- Google's Cardboard 2.0 virtual reality device is a triumph for humanity, said no one sane, ever @ The Register
- Micro Focus looks to COBOL future with Java, .NET and Linux integration @ The Inquirer
- .sucks-gate: How about listening to us the first two times, exasperated FTC tells ICANN @ The Register
- The Canon EOS 5DS, EOS 5DS R & XC10 Technology Report @ Tech ARP
Subject: Mobile, Shows and Expos | May 29, 2015 - 03:42 PM | Scott Michaud
Tagged: Android, google, google io, google io 2015
I'll be honest with you: I did not see a whole lot that interested me out of the Google I/O keynote. The company released a developer preview of their upcoming Android OS “M”, which refers to the thirteenth alphabetical release (although only eleven were formally lettered because they started with “C”upcake). Version nomenclature aside, this release is supposed to tune the experience. While the platform could benefit from a tune-up, it is also synonymous with not introducing major features.
But some things are being added, including “Google Now on Tap”. The idea is that Google will understand what is happening on screen and allow the user to access more information about it. In a demo on Engadget, the user was looking at scores for the Golden State Warriors. She asked “When are they playing next”, actually using the pronoun “they”, and the phone brought up their next game (it was against the Cavaliers).
Fingerprint reading and Android Pay are also being added to this release.
Other than that, it is mostly performance and usability. One example is “Doze State”, which allows the OS to update less frequently when the device is inactive. It is supposed to play nice with alarms and notifications though, which is good. Normally, I would wait to see if it actually works before commenting on it, but this seems like something that would only be a problem if no-one thought of it. Someone clearly did, because they apparently mentioned it at the event.
Android M, whatever it will actually be called, is expected to ship to consumers in the Fall.
Subject: Motherboards | May 28, 2015 - 02:16 PM | Jeremy Hellstrom
Tagged: Z97-HD3, gigabyte, z97
The Z97-HD3 Rev. 2 is a trimmed down board, both literally and figuratively as it is a mere 19cm (7.5") wide and lacks the LEDs, gold heatsinks and Nichicon caps that the initial release did. It is also less expensive, $80 after MIR which is a bonus for someone looking to build an entry level machine. The topmost 16x PCIe slot is a 3.0 slot and perfect for single GPU systems, the second is 2.0 and a maximum of 4x which takes SLI out of the picture but will handle Crossfire, not something to be overly worried about for an entry level system. Do these cost cutting measures also impact the performance and stability of the board? Check out The Tech Report's full review to find out.
"At $100, the Z97-HD3 is Gigabyte's most affordable full-sized Z97 board. We've taken a closer look at what the board has to offer, and we've paired it with a Pentium Anniversary Edition for some overclocking fun. Read on to see if it's worth opening your wallet."
Here are some more Motherboard articles from around the web:
- ECS Z97I-Drone LEET Gaming @ eTeknix
- MSI X99A Gaming 7 Motherboard Review @ Hardware Asylum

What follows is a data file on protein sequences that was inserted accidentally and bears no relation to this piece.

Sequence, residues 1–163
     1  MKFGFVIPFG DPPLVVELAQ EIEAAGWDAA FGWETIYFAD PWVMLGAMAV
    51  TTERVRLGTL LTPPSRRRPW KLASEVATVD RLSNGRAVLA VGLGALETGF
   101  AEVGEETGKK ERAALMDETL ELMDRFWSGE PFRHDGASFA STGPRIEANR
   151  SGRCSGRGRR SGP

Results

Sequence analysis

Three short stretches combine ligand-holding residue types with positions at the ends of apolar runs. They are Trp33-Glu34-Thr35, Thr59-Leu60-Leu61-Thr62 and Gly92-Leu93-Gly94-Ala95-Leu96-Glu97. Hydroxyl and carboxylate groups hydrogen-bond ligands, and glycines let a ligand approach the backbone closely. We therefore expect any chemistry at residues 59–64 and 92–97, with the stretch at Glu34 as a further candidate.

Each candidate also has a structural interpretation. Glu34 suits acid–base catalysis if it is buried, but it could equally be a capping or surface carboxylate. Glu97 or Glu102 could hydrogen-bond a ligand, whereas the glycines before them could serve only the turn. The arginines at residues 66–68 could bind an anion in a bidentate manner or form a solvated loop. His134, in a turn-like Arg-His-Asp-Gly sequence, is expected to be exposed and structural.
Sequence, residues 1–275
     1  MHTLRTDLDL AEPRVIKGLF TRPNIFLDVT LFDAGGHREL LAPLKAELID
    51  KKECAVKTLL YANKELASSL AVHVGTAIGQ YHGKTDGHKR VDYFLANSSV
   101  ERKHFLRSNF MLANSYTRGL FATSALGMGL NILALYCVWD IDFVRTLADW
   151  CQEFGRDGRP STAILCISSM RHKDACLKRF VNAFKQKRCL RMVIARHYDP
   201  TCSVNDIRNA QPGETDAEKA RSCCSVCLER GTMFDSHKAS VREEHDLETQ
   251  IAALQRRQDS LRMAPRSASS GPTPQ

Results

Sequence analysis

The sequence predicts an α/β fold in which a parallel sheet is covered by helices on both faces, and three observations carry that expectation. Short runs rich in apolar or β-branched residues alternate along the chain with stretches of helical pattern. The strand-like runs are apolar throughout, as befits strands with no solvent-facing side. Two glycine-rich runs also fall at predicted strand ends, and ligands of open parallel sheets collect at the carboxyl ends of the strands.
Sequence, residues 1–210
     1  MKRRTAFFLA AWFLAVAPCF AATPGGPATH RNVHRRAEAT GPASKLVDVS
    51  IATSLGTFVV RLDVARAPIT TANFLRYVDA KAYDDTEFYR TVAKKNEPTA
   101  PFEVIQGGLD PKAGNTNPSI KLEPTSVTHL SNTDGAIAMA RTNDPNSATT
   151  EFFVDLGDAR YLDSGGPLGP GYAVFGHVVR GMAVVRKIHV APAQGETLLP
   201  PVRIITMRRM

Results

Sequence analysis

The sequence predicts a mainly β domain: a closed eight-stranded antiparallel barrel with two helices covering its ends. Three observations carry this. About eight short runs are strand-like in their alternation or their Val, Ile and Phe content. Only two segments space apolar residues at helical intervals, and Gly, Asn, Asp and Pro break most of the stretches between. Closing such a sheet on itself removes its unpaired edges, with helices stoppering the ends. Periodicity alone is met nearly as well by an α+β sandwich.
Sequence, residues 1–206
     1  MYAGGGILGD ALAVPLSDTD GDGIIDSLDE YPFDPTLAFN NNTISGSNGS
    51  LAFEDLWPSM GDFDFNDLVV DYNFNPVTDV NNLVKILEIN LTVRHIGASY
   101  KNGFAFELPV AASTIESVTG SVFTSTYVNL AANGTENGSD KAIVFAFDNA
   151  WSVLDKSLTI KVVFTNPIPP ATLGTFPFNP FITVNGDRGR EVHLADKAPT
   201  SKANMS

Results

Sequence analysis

- Gigabyte X99-UD4P @ Bjorn3d
- ASRock X99E-ITX/ac (Intel SKT 2011-3) @ techPowerUp
- ASUS H81M-A Motherboard @ Hardware Secrets
Subject: Storage | May 27, 2015 - 10:00 PM | Sebastian Peak
Tagged: storage, SAN, S3200, S2200, Lenovo, datacenter
Lenovo has announced two new high-performance storage products aimed at small and medium business, and the new S2200 and S3200 storage arrays are designed with speed in mind.
The Storage S2200 and S3200 arrays offer dual and single controllers in 2U-12 and 24 drive configurations. The S2200 supports up to 96 drives and the S3200 supports up to 192 drives to easily support storage growth. The S2200 and S3200 make connectivity simple. The S2200 and S3200 support Fibre Channel, iSCSI and SAS, with the S3200 supporting multi-protocol connectivity that can work with Fibre Channel and iSCSI at the same time. This combination of flexibility and scalability makes integration into nearly any environment easy.
Lenovo is also using a technology called "Intelligent Real-Time Tiering" to approximate the performance of flash storage by prioritizing frequently accessed data as it "automatically moves frequently accessed data to higher performing drives every five seconds, significantly increasing storage performance".
With hybrid configurations and Intelligent Real-Time Tiering, the Lenovo Storage S3200 can provide near All-Flash-Array (AFA) performance for up to 120,000 IOPS at a fraction of the cost of today’s Flash only systems.
The Lenovo S2200 and S3200 SANs will be available worldwide starting in June.
A substantial upgrade for Thunderbolt
Today at Computex, Intel took the wraps off of the latest iteration of Thunderbolt, a technology that I am guessing many of you thought was dead in the water. It turns out that's not the case, and this new set of features that Thunderbolt 3 offers may in fact push it over the crest and give it the momentum needed to become a useable and widespread standard.
First, Thunderbolt 3 starts with a new piece of silicon, code named Alpine Ridge. Not only does Alpine Ridge increase the available Thunderbolt bandwidth to 40 Gbps but it also adds a native USB 3.1 host controller on the chip itself. And, as mobile users will be glad to see, Intel is going to start utilizing the new USB Type-C (USB-C) connector as the standard port rather than mini DisplayPort.